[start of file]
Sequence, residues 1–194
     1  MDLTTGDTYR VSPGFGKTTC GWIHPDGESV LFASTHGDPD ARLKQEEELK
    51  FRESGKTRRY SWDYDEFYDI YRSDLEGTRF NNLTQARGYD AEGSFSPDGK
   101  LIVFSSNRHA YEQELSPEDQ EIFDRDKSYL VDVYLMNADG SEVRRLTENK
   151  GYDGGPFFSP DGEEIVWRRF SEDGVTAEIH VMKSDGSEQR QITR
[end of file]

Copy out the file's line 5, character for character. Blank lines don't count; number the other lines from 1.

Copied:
   151  GYDGGPFFSP DGEEIVWRRF SEDGVTAEIH VMKSDGSEQR QITR